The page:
Mortal Kombat: The Annihilation Review

by Doug Skiles (rskiles AT mail DOT win DOT org)
November 24th, 1997

MORTAL KOMBAT: ANNIHILATION Starring: Robin Shou (Liu Kang), Tailsa Soto (Princess Kitana) Directed by: John R. Leonetti, Written by: Brent V. Friedman and Bryce Zabel from a story by Lawrence Kasanoff, John Tobias, and Joshua Wexler. Rated PG-13 by the MPAA for some strong language and plenty of violence, mostly of the martial arts variety.

Reviewed by Doug Skiles


*Bah-buh-bah-bah-buhbuh, bah-buh-bah-bah-bahbuh, bah-bah-bah-buh-bahbuh, bah-bah-buhbahbuhbuhbah*

Okay, so chances are you've heard that now-famous outcry and the techno music that follows it, either on commercials for the movies, or the video games, or on the soundtracks for the games or movies, or in the movies themselves.

In this, the sequel to the original MORTAL KOMBAT film, titled MORTAL KOMBAT: ANNIHILATION, that theme music is still intact, and, just like the last time, bolts into our ears right from the New Line Cinema logo. However, it's almost the only thing that's still around from the first film.

In order to review MORTAL KOMBAT: ANNIHILATION, one must have an opinion of the original, since this essentially just tries to be more of the same.

Okay. I truly liked MORTAL KOMBAT. Yes, I really did. Maybe the plot was sort of basic, but it was *fun*. It was one of the most *fun* movies of the summer of 1995. It had some funny dialouge, some appealing actors (and some not-so-much), some nice effects, plenty of extremely well-choreographed martial arts battles, and a cool, pumping soundtrack. And, of course, it was directed very well by the talented Paul Anderson, who could have a great career as long as he avoids crap like EVENT HORIZON from now on.

Now the sequel is upon us. The martial arts battles aren't as well choreographed, but they're still pretty good. Unfortunately, the directing is nowhere near as good as in the original, and it dilutes the quality of the fights. The villian isn't nearly as imposing, many of the original actors have been replaced for the worse, the effects might have been impressive in 1992, it's filled with extraneous subplots and characters, and, well, basically this movie just plain sucks.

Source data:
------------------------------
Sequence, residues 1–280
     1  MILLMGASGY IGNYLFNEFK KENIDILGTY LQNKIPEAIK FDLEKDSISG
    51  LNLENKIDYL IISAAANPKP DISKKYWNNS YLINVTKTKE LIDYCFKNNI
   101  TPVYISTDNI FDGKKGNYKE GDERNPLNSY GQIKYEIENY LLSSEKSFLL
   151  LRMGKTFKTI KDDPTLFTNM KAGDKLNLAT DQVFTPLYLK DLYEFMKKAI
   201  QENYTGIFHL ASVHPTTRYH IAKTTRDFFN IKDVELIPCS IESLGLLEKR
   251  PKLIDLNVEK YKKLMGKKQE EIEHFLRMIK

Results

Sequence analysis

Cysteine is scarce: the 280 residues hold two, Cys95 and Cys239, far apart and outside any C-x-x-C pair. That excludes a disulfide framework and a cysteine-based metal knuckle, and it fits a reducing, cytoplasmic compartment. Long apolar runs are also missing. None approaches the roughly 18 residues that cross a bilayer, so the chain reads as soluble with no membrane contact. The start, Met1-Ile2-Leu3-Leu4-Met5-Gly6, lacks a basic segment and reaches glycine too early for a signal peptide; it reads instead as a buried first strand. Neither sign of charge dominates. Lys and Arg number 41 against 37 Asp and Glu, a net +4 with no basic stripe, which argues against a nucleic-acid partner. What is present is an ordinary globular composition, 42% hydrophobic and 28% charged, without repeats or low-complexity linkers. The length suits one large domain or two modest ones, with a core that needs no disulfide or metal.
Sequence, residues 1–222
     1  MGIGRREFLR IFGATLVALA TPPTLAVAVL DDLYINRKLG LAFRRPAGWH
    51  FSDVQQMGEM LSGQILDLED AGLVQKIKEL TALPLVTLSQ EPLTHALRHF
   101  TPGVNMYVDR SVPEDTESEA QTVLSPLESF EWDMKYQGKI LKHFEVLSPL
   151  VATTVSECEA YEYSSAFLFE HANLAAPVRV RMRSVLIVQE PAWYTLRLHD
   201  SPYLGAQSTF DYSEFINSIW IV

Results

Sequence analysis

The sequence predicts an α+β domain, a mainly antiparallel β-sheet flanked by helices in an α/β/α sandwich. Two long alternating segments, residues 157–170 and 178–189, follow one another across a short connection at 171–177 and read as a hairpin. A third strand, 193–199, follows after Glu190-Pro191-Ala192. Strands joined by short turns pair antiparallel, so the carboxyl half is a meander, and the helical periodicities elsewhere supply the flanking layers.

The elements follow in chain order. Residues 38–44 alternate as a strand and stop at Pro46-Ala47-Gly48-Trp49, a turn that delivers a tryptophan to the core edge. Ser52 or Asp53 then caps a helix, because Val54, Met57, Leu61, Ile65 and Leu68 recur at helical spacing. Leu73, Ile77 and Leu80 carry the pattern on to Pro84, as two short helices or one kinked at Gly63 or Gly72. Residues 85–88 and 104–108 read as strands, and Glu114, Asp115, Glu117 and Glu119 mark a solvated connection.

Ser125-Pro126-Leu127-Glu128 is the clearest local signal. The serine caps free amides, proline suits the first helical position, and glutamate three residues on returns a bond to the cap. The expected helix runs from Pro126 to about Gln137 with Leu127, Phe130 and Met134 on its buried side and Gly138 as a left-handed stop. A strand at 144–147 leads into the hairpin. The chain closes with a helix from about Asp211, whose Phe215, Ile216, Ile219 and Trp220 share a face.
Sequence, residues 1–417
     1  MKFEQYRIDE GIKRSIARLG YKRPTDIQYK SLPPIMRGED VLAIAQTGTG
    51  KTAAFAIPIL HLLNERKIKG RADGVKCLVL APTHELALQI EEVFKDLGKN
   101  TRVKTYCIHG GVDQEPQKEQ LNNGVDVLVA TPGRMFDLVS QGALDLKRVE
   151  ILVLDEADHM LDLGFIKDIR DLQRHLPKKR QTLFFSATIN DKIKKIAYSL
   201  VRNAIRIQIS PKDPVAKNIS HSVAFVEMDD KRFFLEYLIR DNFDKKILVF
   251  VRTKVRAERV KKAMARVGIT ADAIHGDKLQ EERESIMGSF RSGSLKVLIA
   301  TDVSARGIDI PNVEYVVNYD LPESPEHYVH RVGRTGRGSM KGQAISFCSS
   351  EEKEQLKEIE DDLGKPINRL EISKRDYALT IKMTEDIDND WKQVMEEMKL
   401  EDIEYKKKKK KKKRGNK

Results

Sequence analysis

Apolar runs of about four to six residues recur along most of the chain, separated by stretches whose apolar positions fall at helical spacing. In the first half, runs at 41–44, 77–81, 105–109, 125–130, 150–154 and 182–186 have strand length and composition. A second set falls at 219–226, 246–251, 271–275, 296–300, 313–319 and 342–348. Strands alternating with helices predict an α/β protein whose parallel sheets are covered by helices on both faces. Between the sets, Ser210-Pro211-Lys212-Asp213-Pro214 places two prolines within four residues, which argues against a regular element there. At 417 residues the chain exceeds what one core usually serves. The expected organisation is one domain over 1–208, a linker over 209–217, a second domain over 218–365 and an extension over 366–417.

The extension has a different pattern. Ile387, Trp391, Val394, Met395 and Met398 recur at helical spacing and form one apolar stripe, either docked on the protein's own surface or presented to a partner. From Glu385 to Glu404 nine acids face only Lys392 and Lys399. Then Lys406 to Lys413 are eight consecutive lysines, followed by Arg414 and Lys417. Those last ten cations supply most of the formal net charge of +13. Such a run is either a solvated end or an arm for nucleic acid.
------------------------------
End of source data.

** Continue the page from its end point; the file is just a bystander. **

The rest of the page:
Robin Shou is honestly trying here. You can tell. He wants this to really not suck. Sandra Hess wants to have an acting career, that's obvious... so it's good news for her that she's better than the original actress behind Sonya Blade (Bridgette Wilson). In fact, she's not bad at all. I wouldn't mind horribly if I saw her again... in some other film, of course.

Talisa Soto seems sort of bored with this. She obviously beefed up her martial arts training, but when she's acting, she's rather stiff, just like in the original. Of course, that's Kitana's character for you, I guess. As a side note, her sudden romance with Liu Kang is utterly ludicrous, and has no place here - it's just another piece of excess baggage for the plot to carry. The only person putting forth anything resembeling effort is Litefoot, who plays Nightwolf, at least for the whopping two minutes that he's on the screen. This guy deserves better. James Remar replaces Christopher Lambert as Rayden, and does a shoddy job. Lambert was perfect for this role. However, Remar isn't given much to work with here, anyway.